“When trouble comes close ranks, and so the white people did. But we were not in their ranks” –Jean Rhys, Wide Sargasso Sea
I recall reading Rhys’ novel “Wide Sargasso Sea” when I took graduate courses. Though the course focused on women and outsidership, I would always turn the assignments to how I, as a Black American (and the only male taking the graduate course), could relate to the situations presented in the novel.
Oh! how I was immediately thrown into an outsidership just from taking the course, and always asked, “As a male, what do you think about. . .” And the questions would drift away moments before a new one would be asked. I should have expected it. But I was young and naïve. Hilariously so, I was the token male and they perceived my experiences and perception as a global male response. It’s easy to place someone who is obviously different into an outsider position. I’m reminded of my youth as a student (and probably any other time I’m around a group of White people, including my genuinely good friends) and how teachers would always single me out and ask my perspective about slavery or anything else regarding Black history–as if to say that I was born with secret information of the Negro agenda or something.
I was an outsider.
I was an outsider and I still am. And I’ve learned to use it as fuel to move my vehicle. Others though, aren’t as fortunate. I always knew I was different and I was constantly reminded of it. And, some of the comments I’ve received during my 30-some-odd-years on this earth, are so ignorantly based that sometimes no response is necessary. I used to find some of these ignorant people (who’d single me out because I was different than them) quite amusing. But as I age, my tolerance for ignorance (especially on the verge of bigotry) has become reprimandable. And, when I’m tired of reprimanding these poor souls, I simply ignore them. When I say “ignorant people”, I’m referring to a group of people who simply do not know any better because they have not experienced other cultures. And, when I say “culture”, I use that word in its truest form and define it as “a person’s way of life”.
One of the most hilarious things I recall was picture day in elementary school. Everyone would get a free plastic comb from the photographer so that the students can do their hair at the last minute. Always, and ignorant teacher, student, or photographer would say, “Oh, I wish I were Black, so I wouldn’t have to comb my hair!” and then hand the comb to someone else, bypassing me. I shake my head and laugh when I see my childhood school pictures with my hair sticking up everywhere (as a result from recess or gym class fun) as if I just woke up. I believe that as an outsider, no one wants to be singled out for their uniqueness as if it’s a phenomena, or a bad art exhibit, or the new albino apes at the zoo. Importantly, being Black really isn’t unique when I think about it.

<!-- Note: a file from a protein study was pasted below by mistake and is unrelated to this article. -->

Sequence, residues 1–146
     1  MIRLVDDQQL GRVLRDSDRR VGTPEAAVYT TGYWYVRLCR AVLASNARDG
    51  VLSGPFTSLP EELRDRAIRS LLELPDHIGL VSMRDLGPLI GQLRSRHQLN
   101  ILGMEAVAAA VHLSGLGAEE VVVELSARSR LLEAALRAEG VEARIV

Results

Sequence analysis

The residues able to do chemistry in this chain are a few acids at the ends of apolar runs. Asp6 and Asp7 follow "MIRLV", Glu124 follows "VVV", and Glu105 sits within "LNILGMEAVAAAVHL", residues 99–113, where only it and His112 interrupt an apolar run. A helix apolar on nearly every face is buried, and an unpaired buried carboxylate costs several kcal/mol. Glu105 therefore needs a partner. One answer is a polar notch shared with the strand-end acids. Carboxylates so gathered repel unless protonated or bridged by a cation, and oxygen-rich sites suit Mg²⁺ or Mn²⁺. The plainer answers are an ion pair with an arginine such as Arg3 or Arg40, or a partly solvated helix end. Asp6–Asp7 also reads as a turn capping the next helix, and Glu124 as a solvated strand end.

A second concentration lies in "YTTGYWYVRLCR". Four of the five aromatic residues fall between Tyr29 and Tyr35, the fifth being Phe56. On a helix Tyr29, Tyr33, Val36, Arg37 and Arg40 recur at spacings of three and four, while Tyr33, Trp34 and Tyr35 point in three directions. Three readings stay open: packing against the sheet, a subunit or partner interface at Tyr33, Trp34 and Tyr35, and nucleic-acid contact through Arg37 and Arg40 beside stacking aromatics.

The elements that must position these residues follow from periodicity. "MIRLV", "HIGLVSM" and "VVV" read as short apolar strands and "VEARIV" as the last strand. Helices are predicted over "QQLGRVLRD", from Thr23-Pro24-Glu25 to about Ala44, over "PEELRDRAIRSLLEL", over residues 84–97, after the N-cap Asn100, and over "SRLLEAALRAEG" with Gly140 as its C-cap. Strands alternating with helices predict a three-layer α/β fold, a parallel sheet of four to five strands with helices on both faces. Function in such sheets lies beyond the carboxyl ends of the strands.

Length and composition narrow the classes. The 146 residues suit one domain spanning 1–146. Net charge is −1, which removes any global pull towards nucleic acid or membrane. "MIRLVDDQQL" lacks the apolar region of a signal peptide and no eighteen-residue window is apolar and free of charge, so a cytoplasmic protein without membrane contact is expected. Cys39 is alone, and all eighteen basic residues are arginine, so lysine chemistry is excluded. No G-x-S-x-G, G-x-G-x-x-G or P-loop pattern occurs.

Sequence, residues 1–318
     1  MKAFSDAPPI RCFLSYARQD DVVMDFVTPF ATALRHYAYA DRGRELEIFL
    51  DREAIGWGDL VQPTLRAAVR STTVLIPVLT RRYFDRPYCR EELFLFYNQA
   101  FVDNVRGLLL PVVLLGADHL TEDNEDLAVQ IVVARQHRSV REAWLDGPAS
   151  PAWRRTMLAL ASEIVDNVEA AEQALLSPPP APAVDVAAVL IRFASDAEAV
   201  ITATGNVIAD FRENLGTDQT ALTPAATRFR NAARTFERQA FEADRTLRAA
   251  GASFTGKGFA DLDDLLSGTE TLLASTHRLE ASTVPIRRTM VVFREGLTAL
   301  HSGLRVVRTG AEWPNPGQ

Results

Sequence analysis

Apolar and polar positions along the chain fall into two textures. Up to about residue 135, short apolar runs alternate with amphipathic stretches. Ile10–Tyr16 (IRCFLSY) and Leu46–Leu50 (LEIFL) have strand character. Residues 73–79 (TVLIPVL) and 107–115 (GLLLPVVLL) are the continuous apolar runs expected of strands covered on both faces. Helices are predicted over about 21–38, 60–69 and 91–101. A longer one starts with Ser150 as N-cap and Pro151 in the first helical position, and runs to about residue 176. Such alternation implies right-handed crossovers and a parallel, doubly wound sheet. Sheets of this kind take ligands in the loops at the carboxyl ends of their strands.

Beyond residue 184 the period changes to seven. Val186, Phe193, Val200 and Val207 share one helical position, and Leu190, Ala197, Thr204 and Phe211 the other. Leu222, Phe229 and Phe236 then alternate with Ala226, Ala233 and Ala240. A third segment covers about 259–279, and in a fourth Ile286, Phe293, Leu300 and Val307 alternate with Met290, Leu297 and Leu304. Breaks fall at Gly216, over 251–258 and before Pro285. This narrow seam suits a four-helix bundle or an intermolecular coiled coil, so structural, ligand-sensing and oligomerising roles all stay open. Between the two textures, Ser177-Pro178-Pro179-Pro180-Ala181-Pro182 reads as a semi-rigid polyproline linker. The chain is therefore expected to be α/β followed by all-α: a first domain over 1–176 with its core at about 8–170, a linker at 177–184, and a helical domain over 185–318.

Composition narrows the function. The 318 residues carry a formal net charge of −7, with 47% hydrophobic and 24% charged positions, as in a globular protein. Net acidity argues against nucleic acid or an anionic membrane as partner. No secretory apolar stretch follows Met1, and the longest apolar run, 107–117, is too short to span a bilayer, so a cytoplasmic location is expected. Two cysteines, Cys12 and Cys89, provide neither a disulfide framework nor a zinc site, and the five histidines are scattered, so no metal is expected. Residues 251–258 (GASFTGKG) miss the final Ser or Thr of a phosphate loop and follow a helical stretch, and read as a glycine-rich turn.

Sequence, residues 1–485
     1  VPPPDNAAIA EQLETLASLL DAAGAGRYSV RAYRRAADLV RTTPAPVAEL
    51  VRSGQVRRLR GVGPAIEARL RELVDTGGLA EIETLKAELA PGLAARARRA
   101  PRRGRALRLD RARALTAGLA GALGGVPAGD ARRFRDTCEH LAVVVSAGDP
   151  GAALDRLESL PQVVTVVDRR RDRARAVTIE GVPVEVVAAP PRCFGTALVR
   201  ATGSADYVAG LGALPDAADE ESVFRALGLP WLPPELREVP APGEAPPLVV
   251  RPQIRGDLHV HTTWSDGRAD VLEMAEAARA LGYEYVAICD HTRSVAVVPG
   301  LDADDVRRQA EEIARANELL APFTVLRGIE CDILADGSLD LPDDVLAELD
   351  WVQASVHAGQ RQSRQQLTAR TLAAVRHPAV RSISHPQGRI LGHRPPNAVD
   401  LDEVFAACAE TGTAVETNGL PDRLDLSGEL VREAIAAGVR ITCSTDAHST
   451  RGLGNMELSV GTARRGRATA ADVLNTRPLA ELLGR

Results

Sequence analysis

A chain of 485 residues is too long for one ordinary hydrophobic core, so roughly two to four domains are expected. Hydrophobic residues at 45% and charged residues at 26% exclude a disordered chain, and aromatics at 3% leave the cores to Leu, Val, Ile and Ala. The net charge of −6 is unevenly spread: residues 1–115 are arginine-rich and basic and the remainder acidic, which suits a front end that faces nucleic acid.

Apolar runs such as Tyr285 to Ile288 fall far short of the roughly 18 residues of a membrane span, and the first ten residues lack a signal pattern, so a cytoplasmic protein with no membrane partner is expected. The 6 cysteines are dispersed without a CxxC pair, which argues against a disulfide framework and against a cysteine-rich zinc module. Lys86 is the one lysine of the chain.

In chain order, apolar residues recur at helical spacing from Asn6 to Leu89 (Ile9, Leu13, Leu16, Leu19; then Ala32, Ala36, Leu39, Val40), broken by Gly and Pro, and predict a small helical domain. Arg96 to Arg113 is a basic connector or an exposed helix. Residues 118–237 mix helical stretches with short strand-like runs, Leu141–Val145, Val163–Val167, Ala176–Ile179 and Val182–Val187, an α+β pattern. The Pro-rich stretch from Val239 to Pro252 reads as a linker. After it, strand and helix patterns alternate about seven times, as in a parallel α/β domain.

When I started traveling to Puerto Rico as a tourist, it was my own special place. I never invited anyone to come with me. I made friends, learned some of the great places around the island to visit where tourists would never go. Then, I decided to move there. I appreciated Puerto Rico because it had (what I thought at the time) was the same diversity or shades of colors as I found in NYC; however, it had the outdoorsy-ness I could find in WVa, except I could do it year-round due to the great weather in Puerto Rico.
But reality soon set.
I discovered that vacationing was quite different than living in a place. I also realized that the quality of friends that you choose to hang with during vacation is quite lower than those I wanted to associate with on a regular basis. And it made sense. But this was something that I didn’t think about.
I wanted so badly to become good friends with everyone (I felt I had befriended) I met when I was a tourist. But there was an unspoken disconnect when I moved to the island, informing me that it was a “me” and a “them” situation. As much as I fought it, I was forced to hang with the (as they call those from the states as an attempt to make folks from the States feel like “the other”) Gringos. Granted, I’ve forged some amazing relationships with the Gringos, but that wasn’t my intention. However, I grew to realize that my White counterparts in Puerto Rico were accepted much quicker than I had been; appreciated much more so; and weren’t discriminated against to the Nth degree like I had been. I understand that living in a different culture things will be different, however the day when a young man walking down my street asked me for money and I denied him, I knew. . . I just knew that I was in a world that was not my own. As such, I could never change it.